To move the dial on reducing the number of red-light district tourism and foreign visitors from frequenting cannabis cafes in Amsterdam and Rotterdam, some changes were announced in 2020. Amsterdam outlawed extensive group tours of the infamous red-light district, citing social distancing requirements during the pandemic. Fines for tour guides who breach the new 10:00 p.m. curfew or less than 10 per group requirement start at about €200.
Another suggestion considered by Amsterdam would be to charge a fee to visit the districts with the highest number of cannabis cafes. The idea is that it would reduce traffic but not wholly eliminate cannabis tourism dollars to area businesses. The city is committed to reducing the “attraction” of cannabis tourism with new policies.
Why has the city known as the “Wonderland of Weed” made such a big turn in opinion? Amsterdam wants to be known for other things, aside from its red-light district and tolerance for cannabis consumption. Amsterdam has various rich cultural sites, architecture, and more to offer tourists than just a conveniently located weed café. But as long as recreational cannabis is driving most visitors, the other valuable tourist highlights are not getting the promotional attention they deserve.
Meanwhile, in America, states like Colorado are surging ahead to build cannabis tourism as a new income source. And as other states legalize both medical cannabis and adult-use, Amsterdam’s draw as the “Wonderland of Weed” is fading fast.
Could Cannabis Tourism Create a Problem in the United States?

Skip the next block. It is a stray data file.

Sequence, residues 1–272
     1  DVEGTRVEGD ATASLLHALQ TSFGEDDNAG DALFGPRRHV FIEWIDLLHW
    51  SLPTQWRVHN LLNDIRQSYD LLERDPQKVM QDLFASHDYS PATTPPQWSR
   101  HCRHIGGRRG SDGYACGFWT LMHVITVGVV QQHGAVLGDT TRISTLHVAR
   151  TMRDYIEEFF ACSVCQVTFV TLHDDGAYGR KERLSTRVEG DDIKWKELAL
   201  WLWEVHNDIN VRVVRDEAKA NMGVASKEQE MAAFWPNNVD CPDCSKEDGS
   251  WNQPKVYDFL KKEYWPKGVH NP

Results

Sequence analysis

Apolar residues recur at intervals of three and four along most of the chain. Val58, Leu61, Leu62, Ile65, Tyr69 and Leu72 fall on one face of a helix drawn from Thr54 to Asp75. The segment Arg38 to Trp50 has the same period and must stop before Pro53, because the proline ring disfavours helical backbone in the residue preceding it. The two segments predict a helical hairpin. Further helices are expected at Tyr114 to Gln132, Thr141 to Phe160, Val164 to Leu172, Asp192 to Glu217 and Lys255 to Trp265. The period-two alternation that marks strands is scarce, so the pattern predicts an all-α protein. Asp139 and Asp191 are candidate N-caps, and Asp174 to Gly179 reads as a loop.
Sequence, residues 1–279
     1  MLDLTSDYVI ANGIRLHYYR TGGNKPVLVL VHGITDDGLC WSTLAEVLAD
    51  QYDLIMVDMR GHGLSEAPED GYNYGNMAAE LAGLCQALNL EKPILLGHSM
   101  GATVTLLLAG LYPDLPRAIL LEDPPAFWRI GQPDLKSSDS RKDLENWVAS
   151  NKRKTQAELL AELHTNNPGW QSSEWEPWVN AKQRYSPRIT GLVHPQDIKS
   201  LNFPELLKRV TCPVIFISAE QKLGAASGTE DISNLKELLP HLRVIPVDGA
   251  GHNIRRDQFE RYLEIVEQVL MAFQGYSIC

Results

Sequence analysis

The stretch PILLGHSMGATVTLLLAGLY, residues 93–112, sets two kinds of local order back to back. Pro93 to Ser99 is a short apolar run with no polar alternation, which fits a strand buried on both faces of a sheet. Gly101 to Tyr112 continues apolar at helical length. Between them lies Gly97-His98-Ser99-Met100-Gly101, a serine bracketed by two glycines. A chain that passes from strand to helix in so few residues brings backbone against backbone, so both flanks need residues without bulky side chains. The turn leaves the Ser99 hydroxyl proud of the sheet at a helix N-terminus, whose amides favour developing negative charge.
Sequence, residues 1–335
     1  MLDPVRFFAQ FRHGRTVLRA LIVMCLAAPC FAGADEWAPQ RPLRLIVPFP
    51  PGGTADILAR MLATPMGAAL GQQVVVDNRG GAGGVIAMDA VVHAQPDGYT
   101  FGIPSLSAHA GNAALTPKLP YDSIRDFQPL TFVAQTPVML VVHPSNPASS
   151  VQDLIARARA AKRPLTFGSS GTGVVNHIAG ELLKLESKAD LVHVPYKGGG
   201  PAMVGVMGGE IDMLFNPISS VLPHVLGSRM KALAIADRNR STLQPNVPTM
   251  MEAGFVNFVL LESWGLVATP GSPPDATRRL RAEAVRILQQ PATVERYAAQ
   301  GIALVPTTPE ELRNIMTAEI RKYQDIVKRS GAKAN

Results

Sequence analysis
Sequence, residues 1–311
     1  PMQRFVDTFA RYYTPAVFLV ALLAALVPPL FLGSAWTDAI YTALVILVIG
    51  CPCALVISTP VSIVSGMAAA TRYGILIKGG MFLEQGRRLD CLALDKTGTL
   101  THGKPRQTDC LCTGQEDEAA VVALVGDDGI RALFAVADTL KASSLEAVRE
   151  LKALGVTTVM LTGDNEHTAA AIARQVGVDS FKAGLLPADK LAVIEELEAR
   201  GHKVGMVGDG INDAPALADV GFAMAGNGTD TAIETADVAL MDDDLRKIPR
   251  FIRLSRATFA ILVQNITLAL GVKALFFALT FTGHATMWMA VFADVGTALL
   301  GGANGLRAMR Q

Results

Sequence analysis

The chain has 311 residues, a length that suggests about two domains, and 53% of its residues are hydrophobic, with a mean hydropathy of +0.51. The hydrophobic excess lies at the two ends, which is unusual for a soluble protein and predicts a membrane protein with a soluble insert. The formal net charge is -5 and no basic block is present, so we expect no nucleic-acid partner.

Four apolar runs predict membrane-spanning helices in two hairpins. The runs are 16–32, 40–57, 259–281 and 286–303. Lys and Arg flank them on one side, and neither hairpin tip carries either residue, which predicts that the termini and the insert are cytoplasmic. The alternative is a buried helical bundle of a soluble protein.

The Netherlands is facing a shift in public opinion regarding cannabis. While it has been tolerated and is readily accessible for tourists in Amsterdam or Rotterdam, it has overshadowed other business sectors. The popularity of cannabis tourism has been lucrative for the Netherlands. But now, they are looking at the cost and impact on their culture.
States like California are loud and proud of their liberal laws regarding adult-use cannabis. But what would happen if the only reason people visited California was for cannabis? How would other industries be impacted if the state became known for two things: Hollywood and available weed.
Within the next five years, will we see states modify health and safety rules to allow for cannabis wellness retreats growth? Cannabis medspas and hotels where patrons can consume freely and in public places?
Watching the transition of social policy and concerns in Amsterdam should provide states with a sense of caution. No economy should be focused exclusively on one product or service. Economic diversity is essential for growth. But if countries go “all in “for recreational cannabis, they should be prepared to support other industries with the same vigor. Or risk flatlining the state economy if recreational dispensaries saturate the market.
States may have to cope with significant social issues in the future that Amsterdam is contending with right now. It is an “eggs in one basket” mentality and the new economic gold-rush for states that have legalized adult-use. What happens if the bottom of the market falls out? Strategic planning will have to take place at the state level to ensure economic diversity.